3. When a BC Hydro guy comes knocking at your door with a big grin on his face, it isn’t necessarily a good sign.
  4. That whatsit thingamajig that holds your power lines against your house is actually called a mast.
  5. The character trait that serves you best in a situation such as this is called a sense of humour.
  6. The firefighters, electricians and Hydro people out there working for hours and hours in miserable conditions to get things up and running, are real pros. Thank goodness for them.
  7. When you don’t want to open the fridge for the white, you can always open a bottle of red.
  8. I’m nowhere near prepared for the Big One.
  9. Because, you know, it’s 2020.

Tech-tarded – A New Definition

Person with PDA handheld device.Image via Wikipedia

In the province where I live, British Columbia, a new law came into effect on January 1st, banning drivers from using hand-held devices (ie cellphones) while driving.  I think it’s a good law, especially after an incident I witnessed not more than a month ago driving back from Richmond to the ferries as I do monthly.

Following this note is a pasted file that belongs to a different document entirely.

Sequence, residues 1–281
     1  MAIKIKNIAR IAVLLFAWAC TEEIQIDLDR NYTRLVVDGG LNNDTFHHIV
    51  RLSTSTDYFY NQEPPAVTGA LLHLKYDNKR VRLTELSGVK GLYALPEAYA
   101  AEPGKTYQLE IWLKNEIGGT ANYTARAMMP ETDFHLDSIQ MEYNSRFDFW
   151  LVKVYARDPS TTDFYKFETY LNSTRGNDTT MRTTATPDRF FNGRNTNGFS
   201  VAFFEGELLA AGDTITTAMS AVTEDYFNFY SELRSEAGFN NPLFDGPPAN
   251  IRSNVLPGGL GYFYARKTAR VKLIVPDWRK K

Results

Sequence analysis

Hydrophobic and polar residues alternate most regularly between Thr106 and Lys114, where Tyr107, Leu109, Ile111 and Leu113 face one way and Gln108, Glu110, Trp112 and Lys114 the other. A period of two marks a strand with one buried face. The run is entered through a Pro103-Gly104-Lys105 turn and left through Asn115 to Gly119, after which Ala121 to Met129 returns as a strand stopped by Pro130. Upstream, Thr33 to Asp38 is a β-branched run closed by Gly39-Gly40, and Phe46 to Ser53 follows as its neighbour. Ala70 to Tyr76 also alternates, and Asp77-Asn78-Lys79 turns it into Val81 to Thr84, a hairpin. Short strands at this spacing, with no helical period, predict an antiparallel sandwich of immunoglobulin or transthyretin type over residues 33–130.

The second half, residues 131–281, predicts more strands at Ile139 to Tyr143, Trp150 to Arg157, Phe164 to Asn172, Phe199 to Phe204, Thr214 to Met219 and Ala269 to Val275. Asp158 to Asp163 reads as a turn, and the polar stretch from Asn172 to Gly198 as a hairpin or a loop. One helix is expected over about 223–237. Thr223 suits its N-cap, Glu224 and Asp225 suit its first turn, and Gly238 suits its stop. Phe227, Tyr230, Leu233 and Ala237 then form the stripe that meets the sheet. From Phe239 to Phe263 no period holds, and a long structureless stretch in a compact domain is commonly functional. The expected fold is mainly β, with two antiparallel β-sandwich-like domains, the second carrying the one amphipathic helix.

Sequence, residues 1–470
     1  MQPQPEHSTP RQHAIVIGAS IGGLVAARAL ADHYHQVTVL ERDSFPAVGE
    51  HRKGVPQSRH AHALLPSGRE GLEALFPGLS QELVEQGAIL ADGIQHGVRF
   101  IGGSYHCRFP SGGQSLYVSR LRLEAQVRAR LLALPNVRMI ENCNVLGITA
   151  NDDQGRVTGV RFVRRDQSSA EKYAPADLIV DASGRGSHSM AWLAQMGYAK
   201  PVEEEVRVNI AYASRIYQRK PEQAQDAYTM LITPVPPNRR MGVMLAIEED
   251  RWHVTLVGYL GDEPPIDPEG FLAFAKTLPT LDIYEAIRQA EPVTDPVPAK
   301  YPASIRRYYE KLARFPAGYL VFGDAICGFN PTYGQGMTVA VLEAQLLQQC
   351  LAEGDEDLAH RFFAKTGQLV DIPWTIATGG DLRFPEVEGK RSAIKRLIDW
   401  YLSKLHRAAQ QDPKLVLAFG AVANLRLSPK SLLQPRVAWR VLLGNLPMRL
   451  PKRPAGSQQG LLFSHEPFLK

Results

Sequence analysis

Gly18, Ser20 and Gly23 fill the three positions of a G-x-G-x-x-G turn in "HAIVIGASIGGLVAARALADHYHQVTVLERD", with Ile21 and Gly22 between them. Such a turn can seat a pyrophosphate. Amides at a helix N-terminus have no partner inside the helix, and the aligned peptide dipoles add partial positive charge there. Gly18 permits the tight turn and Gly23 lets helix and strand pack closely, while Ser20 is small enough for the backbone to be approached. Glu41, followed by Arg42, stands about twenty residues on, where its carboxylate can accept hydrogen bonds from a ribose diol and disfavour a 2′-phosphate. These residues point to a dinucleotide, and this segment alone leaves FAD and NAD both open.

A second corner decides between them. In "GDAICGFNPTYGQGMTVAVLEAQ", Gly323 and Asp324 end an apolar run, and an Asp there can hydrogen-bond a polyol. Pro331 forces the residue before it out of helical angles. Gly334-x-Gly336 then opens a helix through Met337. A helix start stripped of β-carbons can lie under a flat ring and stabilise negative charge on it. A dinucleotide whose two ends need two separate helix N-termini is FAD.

It was on Steveston Highway near the Ironwood Mall, for anyone who knows the area.  That place is a bottleneck at certain times of the day as people rush to get on Highway 99 and out of town.  Rush hour isn’t an hour-long anymore and hasn’t been for years!  Why don’t we find another name for it??

Anyway, I was sitting patiently in the gridlock knowing full well that it was going to take some time to get out of there, when I noticed a young woman with two children in the back seat of her car, trying to get out of the mall parking lot.  I was quite ready to let her in, but she didn’t even look at me.  She started butting her car into the lane of cars I was in, her eyes not even glancing my way, her cellphone glued to her ear.  Well, okay, I thought, and waited so she could move in.  But that wasn’t enough for her, she actually wanted to get into the next lane beside mine, which was moving a lot faster and would been a blind move for her even without a cellphone.  As she continued to slowly butt through my lane, she did not look at me once, so concentrated on her cellphone conversation.  I started to flail my arms, motioning for her to hang up her phone.  This was no situation to be having a cellphone conversation in.  Her kids saw me, but she didn’t look.  I think one of her kids said something to her, but she still didn’t look.

Eventually, she made it into the lane beside mine and brazenly put the pedal to the floor, racing away into whatever other disaster awaited her next.  I couldn’t believe her outrageous behaviour, especially with little kids in the car.  And that’s not the first time I’ve seen stupid behaviour from someone driving with a cellphone stuck to their ear.